“Watching All-22 game film on Tuesday mornings is always a little less tedious after a Buffalo Bills victory.” I wrote that word-for-word after Buffalo beat Denver  two weeks ago and it goes double this week after Buffalo stunned Atlanta on the road Sunday, 23-17.  Watching the film wasn’t a choir, it was fun.

I may post on a few other things specifically based on what I saw later this week, particularly Jerry Hughes’ rejuvenation, Lorenzo Alexander’s never-ending motor and my concerns over Matt Milano having to to replace Ramon Humber—-but for now here are my three biggest takeaways from Sunday’s game following game film review.

TAYLOR’S POISE IS GROWING: We’re four weeks into the season and for me the biggest difference that stands this year compared to last is Tyrod Taylor missing open receivers with far less frequency. I vividly recall watching All-22 films last year and losing my mind at how often guys like Robert Woods, Marquis Goodwin and others got open and Taylor didn’t see, often because he’d feel the pocket caving and prematurely taking off running. I’m seeing a far more disciplined and patient Taylor in 2017 who’s more determined the throw the ball.  Last week after the Denver game I wrote glowingly of Taylor hanging in the pocket as collapsed–waiting til the last split second to find Jordan Matthews as he broke open for a big gain that led to a touchdown one play later.  In Atlanta I was equally impressed by Taylor as he took a first quarter snap from the Atlanta nine and dropped back to pass. No one was immediately open (shocker) but rather than take off scrambling he calmly waited for Matthews to come open on the left side of the end zone.  Taylor delivered a perfect ball and it went for a touchdown. These were plays Taylor flat-out didn’t make last season and now he’s done it two weeks in a row.  Taylor’s still not the most accurate passer and it would be nice to see him less conservative but there’s no denying his pocket poise has grown by leaps and bounds. That’s important, especially with a group of wide receivers that don’t get open quickly enough.  I also give credit to Dennison, who seems to be dialing up a ton of play action passes—something that clearly plays to Taylor’s strengths. I know many still crave Nathan Peterman but if you’re hating on Tyrod’s play after four games, there’s probably nothing he can do to please you. He’s played well.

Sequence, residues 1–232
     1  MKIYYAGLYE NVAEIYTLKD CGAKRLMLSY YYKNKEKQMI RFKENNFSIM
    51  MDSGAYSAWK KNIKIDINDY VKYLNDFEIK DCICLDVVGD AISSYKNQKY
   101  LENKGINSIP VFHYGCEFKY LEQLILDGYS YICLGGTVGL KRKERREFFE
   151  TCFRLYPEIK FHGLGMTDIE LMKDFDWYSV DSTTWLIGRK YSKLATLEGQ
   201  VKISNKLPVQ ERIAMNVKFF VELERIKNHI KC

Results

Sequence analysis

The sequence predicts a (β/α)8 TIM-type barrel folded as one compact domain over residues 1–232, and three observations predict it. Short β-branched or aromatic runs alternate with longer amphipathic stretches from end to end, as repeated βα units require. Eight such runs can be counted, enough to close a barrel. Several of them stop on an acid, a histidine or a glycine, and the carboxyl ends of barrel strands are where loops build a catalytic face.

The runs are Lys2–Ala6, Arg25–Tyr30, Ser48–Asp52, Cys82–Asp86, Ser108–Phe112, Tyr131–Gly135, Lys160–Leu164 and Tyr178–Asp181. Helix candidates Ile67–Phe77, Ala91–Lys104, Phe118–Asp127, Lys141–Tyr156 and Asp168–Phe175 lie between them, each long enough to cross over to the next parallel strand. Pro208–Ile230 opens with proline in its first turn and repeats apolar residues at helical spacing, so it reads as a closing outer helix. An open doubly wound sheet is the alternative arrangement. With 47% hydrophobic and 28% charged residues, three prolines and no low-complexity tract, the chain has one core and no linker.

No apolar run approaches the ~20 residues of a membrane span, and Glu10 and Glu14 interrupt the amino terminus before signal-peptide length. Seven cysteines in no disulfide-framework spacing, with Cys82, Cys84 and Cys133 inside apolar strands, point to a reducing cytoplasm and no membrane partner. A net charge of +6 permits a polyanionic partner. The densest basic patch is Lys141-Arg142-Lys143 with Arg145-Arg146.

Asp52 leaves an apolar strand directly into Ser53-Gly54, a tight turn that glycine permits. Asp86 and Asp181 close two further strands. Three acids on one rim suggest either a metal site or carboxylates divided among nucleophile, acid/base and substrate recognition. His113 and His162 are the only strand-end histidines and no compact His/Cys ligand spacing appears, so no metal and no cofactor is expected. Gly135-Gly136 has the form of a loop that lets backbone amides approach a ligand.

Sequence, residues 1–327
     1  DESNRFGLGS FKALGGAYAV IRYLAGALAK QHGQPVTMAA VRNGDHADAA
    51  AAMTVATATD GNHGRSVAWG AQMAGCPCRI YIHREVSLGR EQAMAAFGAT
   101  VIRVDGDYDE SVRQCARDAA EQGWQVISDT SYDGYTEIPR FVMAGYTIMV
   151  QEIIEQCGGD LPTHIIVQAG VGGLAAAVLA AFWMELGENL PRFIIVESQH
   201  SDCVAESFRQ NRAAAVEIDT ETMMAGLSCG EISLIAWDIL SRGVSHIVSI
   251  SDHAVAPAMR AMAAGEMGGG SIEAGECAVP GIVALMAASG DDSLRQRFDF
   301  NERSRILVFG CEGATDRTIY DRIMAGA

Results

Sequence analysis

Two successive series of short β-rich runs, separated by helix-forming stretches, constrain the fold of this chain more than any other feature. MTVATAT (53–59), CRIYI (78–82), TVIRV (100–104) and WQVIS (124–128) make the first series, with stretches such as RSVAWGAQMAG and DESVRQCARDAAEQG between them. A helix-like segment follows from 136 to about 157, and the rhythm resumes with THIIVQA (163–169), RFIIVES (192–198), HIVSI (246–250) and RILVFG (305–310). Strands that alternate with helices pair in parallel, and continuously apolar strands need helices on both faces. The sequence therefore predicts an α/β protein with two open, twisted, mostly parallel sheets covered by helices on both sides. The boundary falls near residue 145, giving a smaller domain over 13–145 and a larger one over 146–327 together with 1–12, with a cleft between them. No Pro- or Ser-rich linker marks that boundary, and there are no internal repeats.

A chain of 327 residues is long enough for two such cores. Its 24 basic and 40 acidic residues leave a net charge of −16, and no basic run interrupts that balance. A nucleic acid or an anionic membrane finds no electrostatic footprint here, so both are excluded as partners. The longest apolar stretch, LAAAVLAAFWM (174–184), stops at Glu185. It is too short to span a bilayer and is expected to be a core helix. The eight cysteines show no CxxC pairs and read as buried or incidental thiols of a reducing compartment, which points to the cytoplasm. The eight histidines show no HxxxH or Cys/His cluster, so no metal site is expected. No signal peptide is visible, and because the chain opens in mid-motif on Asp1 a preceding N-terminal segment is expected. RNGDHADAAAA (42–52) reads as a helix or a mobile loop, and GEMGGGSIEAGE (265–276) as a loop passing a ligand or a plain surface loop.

MILLS’ MISERABLE DAY: The Bills really need to find something better than Jordan Mills at right tackle. He hurts this offense badly.  On consecutive snaps to start the second half Mills directly cost the team.  On their first play Rick Dennison dialed up a back door swing pass to Lesean McCoy that would’ve ended up with him having Deion Jones to beat and not another defender within 30 yards. I’ll take those odds with Shady every time.  However, Mills literally whiffs on Brooks Reed and the linebacker sacks Taylor before he can swing it out to McCoy, ruining an opportunity for a huge play if not a score.  Mills misses a block on Keanu Neal the very next play to stuff a designed a Taylor run. I also saw multiple plays where Mills whiffs on a block and one or two plays where he pretty much just falls down. When Cordy Glenn gets back the Bills have to swing Dion Dawkins over to right tackle. Mills is terrible and it’s a matter of time before one his misses gets a key player like Taylor or McCoy hurt.

WRIGHT SAVES THE DAY: The most underrated play of the game goes to Bills defensive back/special teams player Shareece Wright, who saved a touchdown by making a stop on Andre Roberts down the right sideline at the Buffalo 42 after Roberts returned a Stephen Hauschka kickoff 61 yards.  It was a huge play, as Buffalo lead 20-17 with 4:35 remaining at the time of Wright’s saving tackle. Three plays later Micah Hyde made a diving interception and 36-yard return that lead to three Buffalo points, forcing Atlanta to need a touchdown to win instead of a field goal.  Wright’s play was huge, even if it didn’t appear so at the time.